Multiple members of Purdue’s Bujinkan Yanagi Shibu club said this martial art prepares people for dealing with intense and stressful situations.
Jeff Stuart, graduate student and assistant director of the club, said one of his friends credits his Bujinkan training for helping him deal with his own stressful situation. Stuart’s friend worked as a bouncer at a bar and when a patron got out of hand, even the biggest bouncer at the bar couldn’t restrain the man. Stuart’s friend was able to pin the man to the ground despite his smaller physique.
“I’m confident Bujinkan helped him in that situation,” Stuart said. “We try and develop to a point where, when put in a situation where you only have a short time to respond, our bodies can rely on instinct and know how to handle the situation.”
Stuart started training as a white belt at Purdue nearly eight years ago, but has advanced to a second-degree black belt.
“Bujinkan has helped me be more confident in myself as well as remain calm in times of crisis,” Stuart said. “The goal isn’t to learn to hurt people with this martial art, but to learn how to not get hurt yourself.”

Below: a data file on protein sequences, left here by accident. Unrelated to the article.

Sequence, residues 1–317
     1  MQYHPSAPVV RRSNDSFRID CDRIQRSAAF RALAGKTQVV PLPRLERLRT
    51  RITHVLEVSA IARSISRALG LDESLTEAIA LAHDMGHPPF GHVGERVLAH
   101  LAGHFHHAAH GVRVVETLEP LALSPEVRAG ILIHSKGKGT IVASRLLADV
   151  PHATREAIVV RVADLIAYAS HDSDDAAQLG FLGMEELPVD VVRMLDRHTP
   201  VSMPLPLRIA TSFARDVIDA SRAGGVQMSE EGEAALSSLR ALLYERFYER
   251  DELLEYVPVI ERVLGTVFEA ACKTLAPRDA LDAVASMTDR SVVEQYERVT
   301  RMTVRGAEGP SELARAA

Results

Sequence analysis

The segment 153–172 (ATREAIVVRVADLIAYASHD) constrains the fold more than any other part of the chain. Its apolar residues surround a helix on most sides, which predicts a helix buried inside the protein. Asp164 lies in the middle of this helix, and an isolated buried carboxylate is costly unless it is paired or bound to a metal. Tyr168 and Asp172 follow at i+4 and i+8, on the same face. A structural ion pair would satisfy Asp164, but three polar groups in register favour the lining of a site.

Elizabeth Baker, a senior in the College of Agriculture and treasurer for the club, is a green belt, which is one step below black belt. She has been in the club for three years and joined after seeing a self-defense presentation given at Boiler Gold Rush her freshman year. Baker said the
focus of the club is on safety.
“We learn how to fall safely and focus on rolls in Bujinkan club,” Baker said. “I don’t feel I’m very athletic and have found I can do the moves just fine, so it shows you don’t necessarily have to be athletic to do Bujinkan.”
Tara Williamson, a junior in the College of Agriculture and Bujinkan club president, has been involved in the club for nearly two years.
“We have a lot of fun here and enjoy training together,” Williamson said. “Sometimes we get together and watch training videos and it helps us improve.”
According to the Purdue Bujinkan website, training involves punches, kicks, wrist locks, arm locks, foot locks, knee locks, throws, chokes, countless weaponry, firearms and ways to tie someone up.
Taylor Johnson, a sophomore in the College of Science, has just recently started coming to the club after hearing about it through a friend.
“It sounded like a fun thing to get involved with and it was something to keep me active,” Johnson said. “I already have a different mentality from when I joined the club. There’s a mutual respect for everyone involved in the martial art.”
The club meets from 6-8 p.m. on Mondays and Thursdays at Memorial Mall, weather permitting, and Matthews Hall Room 304 otherwise.
“We have a family kind of atmosphere here and encourage people to come check it out,” Stuart said. “We’re looking for people with good hearts and that are interested in learning martial arts.”